Before I answer the first question, I would like to say a few words about your introduction. In it you spoke of how Kupka’s example is singular in Czech art. This means that you have accepted the myth that has been fuelled in our country about the predominantly lyrical tone of Czech art, or in other words, you share the opinion that there is no tradition of Constructivist art here. Fortunately, this predominantly lyrical tone is only characteristic of Czech art criticism which, even when voiced by its major exponents, has had more in common with literature. You see, it is much easier to provide a literary transposition of an artwork than to grasp its essence in terms of form: this is also why art that is easy to write about is preferred over art that must first and foremost be understood.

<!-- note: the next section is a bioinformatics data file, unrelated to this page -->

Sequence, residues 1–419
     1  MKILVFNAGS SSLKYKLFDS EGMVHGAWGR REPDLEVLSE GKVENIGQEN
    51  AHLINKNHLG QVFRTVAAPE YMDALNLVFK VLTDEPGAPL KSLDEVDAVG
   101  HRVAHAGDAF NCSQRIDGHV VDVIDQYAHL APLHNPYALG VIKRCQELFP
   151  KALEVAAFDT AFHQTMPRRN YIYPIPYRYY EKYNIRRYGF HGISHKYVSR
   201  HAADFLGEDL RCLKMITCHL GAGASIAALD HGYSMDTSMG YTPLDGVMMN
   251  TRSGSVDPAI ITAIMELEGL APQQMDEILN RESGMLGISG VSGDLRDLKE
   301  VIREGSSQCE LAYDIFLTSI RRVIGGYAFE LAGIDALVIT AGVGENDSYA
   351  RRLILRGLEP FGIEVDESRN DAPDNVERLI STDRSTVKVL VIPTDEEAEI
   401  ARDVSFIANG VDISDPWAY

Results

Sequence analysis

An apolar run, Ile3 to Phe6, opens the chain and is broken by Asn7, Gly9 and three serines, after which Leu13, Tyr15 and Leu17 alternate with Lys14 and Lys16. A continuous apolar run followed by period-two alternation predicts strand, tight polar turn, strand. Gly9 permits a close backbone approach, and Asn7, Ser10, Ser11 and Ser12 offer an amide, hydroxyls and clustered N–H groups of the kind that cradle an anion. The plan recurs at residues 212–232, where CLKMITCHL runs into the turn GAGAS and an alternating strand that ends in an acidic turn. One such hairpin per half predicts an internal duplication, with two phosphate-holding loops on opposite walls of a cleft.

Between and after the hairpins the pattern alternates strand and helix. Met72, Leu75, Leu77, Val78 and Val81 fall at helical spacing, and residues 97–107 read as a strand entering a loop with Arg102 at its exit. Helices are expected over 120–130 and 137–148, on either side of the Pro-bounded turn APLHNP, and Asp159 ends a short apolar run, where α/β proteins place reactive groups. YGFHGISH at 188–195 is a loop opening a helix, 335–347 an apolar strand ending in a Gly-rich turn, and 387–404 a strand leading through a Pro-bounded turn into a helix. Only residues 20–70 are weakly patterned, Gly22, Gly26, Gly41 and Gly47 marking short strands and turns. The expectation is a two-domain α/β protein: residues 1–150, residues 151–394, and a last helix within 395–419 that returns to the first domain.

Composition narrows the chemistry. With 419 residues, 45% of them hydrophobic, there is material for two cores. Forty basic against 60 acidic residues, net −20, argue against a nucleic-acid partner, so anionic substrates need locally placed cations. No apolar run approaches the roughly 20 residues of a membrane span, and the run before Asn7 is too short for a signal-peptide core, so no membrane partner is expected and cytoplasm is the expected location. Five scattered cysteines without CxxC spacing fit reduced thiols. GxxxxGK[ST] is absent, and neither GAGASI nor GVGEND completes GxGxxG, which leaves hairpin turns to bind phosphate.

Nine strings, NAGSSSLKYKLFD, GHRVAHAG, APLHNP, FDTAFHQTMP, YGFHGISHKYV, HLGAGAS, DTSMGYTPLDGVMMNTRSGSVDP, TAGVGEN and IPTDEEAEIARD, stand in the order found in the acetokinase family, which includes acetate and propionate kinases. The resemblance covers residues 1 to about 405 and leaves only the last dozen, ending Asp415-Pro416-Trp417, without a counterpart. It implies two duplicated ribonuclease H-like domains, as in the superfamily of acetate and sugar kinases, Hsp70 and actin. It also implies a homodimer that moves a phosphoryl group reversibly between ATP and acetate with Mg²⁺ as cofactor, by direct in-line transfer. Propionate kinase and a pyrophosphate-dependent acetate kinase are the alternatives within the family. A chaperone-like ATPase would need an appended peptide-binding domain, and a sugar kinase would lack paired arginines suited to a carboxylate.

Art that has to refer to and justify itself to tradition is not exactly healthy. At any rate, art always has a tradition, whether it wants to or not. Constructivist art also has a tradition – here just as anywhere else. Let me give two examples that epitomize this: the question lies in whether we view Antonín Slavíček as a master at portraying the atmosphere of historical Prague and the emotive poverty of Kameničky or a brilliant builder of monumental paintings outstanding for their extraordinarily constructive spirit and unerringly perfect eye, or if in Jan Preisler we see merely a Czech interpreter of Art Nouveau and at the same time disregard his great contribution to the modern interpretation of composition, work with the constructive characteristics of colour and overall originality with colour. I am not even listing examples that are evident even to the casual observer: Bohumil Kubišta, Josef Čapek, František Foltýn, Vojtěch Preissig ... Till now, questions surrounding tradition have only been a subject for manoeuvring, so it would be best to ignore these questions until people are found who are competent or more competent to deal with them in an unprejudiced and responsible manner.